Sibling ribaldry: What next for Britart's notorious duo, Jake and Dinos Chapman?

So far, they have created Hell, defaced Goya and painted with Hitler

Jake and Dinos Chapman are on a break. They haven't seen or spoken to each other for months. They haven't had a falling out; they just decided to live and work apart for a year and see what art emerged. According to their minders at the White Cube gallery in east London, neither has a clue what the other has been working on; it will be a surprise for them both – and for a sceptical art-critical world – when it's finally unveiled next month.

Jake and Dinos apart! It's unthinkable, like Gilbert leaving George to pursue a "side project" or Jedward chasing their destiny as solo performers. For 20 years, the Anglo-Greek siblings have been at the forefront of the Young British Artist explosion that brought Damien Hirst, Tracey Emin, Sarah Lucas, Marc Quinn, Rachel Whiteread and Chris Ofili to national fame. The Chapmans came on strong, both as artists and as people. Their work was startling, in-your-face and upsetting – child mannequins with penile snouts, dismembered naked figures hung from fibreglass trees, a bonsai Armageddon involving thousands of tiny plastic Nazis – and its makers didn't seem like guys who'd worry about the reaction of sensitive aesthetes. Tall, robust and shaven-headed, they came across as clever young geezers who enjoyed taking the piss out of the art world and would be handy in a scrap, should Brian Sewell, Robert Hughes or any other critics come after them. Gregor Muir, who charts the history of the YBAs in his book Lucky Kunst, claims the Chapmans changed the Nineties art scene by getting into a fight in the Coach and Horses in Farringdon in 1992. After a stranger picked a fight with Jake and walloped Dinos over the head with a beer glass, he claims, "the art world was imbued with a sense of danger that would see off the politeness that had been threatening to drive it back into its cosy, middle-class box".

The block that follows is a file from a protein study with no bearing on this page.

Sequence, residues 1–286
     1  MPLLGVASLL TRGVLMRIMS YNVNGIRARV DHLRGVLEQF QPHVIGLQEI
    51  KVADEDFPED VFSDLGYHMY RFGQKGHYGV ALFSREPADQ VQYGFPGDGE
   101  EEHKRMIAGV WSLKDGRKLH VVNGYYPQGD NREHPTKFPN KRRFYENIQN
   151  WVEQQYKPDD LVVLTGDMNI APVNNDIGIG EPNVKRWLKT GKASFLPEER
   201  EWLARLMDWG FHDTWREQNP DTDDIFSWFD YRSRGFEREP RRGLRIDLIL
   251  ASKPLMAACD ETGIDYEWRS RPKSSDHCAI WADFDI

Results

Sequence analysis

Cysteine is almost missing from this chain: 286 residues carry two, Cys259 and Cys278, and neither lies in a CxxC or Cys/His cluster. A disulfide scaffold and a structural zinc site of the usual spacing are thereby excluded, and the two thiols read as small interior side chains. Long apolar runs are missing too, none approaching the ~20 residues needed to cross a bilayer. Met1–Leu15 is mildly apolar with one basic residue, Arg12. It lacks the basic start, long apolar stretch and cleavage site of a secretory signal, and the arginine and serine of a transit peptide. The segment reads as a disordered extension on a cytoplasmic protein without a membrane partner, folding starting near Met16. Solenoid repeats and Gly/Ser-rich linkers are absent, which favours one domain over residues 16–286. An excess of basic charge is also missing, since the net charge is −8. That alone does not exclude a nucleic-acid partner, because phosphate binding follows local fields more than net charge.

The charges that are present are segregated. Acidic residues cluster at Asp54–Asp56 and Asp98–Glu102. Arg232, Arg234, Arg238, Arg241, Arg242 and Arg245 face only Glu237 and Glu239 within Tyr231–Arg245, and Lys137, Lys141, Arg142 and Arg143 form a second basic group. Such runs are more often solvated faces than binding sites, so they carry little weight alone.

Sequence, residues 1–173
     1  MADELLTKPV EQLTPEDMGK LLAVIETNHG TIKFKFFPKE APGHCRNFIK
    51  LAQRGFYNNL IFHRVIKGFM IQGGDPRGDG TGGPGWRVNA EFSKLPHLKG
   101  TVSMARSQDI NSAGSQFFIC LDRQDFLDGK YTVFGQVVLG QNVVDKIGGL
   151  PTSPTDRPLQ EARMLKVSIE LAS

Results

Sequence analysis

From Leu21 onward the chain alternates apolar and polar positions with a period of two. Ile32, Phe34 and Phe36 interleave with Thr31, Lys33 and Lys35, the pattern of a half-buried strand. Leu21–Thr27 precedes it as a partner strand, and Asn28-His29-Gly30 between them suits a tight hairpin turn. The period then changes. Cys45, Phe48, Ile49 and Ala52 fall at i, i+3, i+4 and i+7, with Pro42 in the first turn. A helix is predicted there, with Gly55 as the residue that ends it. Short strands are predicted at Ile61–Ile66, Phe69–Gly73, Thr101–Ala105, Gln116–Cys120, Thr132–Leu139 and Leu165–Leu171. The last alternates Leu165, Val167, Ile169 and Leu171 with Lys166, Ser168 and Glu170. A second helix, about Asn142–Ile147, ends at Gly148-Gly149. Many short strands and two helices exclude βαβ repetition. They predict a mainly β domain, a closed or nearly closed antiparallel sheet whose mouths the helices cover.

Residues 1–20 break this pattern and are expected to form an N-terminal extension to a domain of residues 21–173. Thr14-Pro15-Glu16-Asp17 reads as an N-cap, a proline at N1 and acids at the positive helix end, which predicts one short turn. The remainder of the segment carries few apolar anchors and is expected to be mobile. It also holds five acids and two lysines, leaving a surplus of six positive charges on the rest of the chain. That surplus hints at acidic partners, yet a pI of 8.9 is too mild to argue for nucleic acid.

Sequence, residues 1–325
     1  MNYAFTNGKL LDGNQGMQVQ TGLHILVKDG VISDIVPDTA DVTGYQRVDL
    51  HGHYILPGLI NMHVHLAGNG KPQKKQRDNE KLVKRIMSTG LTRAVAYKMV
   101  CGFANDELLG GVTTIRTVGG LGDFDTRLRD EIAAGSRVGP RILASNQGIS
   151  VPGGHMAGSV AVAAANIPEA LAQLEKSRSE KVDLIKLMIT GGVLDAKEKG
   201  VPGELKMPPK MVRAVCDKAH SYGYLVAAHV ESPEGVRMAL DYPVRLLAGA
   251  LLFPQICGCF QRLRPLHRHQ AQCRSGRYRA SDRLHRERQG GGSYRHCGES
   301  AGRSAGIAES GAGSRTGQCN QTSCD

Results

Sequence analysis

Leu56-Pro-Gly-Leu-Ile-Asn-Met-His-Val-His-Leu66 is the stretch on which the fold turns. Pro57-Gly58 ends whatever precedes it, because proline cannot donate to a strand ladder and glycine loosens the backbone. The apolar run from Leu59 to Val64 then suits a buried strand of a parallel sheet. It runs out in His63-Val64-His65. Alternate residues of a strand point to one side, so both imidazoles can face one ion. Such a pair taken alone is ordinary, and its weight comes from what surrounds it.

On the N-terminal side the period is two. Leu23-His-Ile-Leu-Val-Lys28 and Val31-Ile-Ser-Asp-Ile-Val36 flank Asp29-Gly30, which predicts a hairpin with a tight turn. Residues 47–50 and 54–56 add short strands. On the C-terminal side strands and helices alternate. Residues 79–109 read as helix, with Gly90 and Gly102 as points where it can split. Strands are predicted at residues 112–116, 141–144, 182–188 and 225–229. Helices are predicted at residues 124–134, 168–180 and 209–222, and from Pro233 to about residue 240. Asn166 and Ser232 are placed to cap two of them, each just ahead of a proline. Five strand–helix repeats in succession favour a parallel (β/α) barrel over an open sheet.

Their new show at White Cube, opening on 15 July, is under serious wraps. Nobody from the press is allowed near the brothers' studios (although my spies in the art world hint that Dinos has been embracing Catholic iconography) so we can't discuss their newest productions. But I was able to throw a few questions their way.

Would you say, I asked innocently, that you had similar imaginations? "I'd say," said Jake, "we have different influences which, in terms of our artistic symbiosis, amalgamate and form unconventional aggregates." Come again?

"The fact that there's two of us making the work," said Dinos, "means there can't be a precise point of departure. I make things for one reason and Jake makes things for another reason, so you've already got this thing that's multi-purpose, multi-faceted."

"We're not trying," Jake continued, "to produce a unified sovereignty. We're not interested in the similarities between our interests, but the divergencies. This show will be an exemplar of that. Catastrophic, maybe, but we'll see."

Whose idea was the split, the separation?

"Mine," said Jake immediately.

Really?

"No," he said. "'Course it wasn't."